Having Medicare in Pennsylvania can help you get the coverage you need for a crisis or medical necessity, but it may not cover everything. Supplemental care, copays, prescriptions and the like may require additional steps.

As the Pennsylvania Insurance Department explains, Medicare comes in several parts, and most insured persons have Parts A and B in their coverage package, but you may need to purchase additional coverage separately or find a plan that includes it. Understanding what the Medicare parts mean can help you decide what coverage to get.

Parts A and B Medicare

Parts A and B Medicare are a part of a basic Medicare plan, or “Original Medicare.” You will typically not have to pay extra for Part A coverage as long as you have 10 or more years of eligible work. This Medicare will cover your emergency needs such as hospital or facility stays, and in-home care and hospice.

To cover other needs like doctor’s visits, preventative services and equipment, you will need Part B Medicare. While Part A Medicare is free, Part B typically requires additional fees that you would pay into your plan.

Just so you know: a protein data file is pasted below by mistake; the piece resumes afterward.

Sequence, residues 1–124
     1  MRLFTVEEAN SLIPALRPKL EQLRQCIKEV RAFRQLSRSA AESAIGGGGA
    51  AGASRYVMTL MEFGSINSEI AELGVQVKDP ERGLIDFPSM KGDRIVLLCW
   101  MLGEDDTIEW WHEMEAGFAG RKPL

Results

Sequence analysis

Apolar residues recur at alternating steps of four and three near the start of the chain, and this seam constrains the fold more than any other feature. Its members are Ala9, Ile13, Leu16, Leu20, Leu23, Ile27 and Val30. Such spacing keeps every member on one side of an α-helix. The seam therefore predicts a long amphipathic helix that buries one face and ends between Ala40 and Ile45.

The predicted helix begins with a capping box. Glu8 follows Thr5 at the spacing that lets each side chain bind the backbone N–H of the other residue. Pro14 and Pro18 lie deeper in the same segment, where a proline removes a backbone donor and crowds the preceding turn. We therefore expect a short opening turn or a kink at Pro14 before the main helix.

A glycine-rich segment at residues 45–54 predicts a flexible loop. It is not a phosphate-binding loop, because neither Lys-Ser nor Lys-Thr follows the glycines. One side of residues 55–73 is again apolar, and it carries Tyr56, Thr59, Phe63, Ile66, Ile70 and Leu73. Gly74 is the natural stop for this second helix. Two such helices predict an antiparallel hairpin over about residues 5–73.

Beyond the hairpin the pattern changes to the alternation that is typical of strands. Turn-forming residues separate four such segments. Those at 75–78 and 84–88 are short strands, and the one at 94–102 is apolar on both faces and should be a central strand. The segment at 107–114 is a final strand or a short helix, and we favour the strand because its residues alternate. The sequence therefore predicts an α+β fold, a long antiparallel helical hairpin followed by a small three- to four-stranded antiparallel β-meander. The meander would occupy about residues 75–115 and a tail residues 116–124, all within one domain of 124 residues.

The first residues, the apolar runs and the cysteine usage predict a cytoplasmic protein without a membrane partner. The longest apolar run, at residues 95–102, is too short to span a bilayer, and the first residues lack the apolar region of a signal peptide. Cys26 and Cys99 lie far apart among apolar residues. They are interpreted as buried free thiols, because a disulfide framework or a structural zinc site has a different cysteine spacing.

Part C Medicare

Part A and Part B Medicare can cover your basic health care needs, but if you have costly copays, deductibles or similar expenses, you may need either Medicare supplement insurance or Part C Medicare.

Medicare supplement insurance is additional private insurance that you may acquire on top of your Original Medicare plan. If you choose Part C Medicare instead, you may combine your Parts A and B Medicare coverage with supplemental insurance under a private insurer. In other words, the private insurance company receives your Medicare funds in exchange for coverage and then charges you an additional fee to extend it.

Part D Medicare

Part D Medicare can further extend your coverage to pay for prescriptions. In most cases, you would need to purchase these plans separately unless your private insurer offers a package that includes it with your other coverage.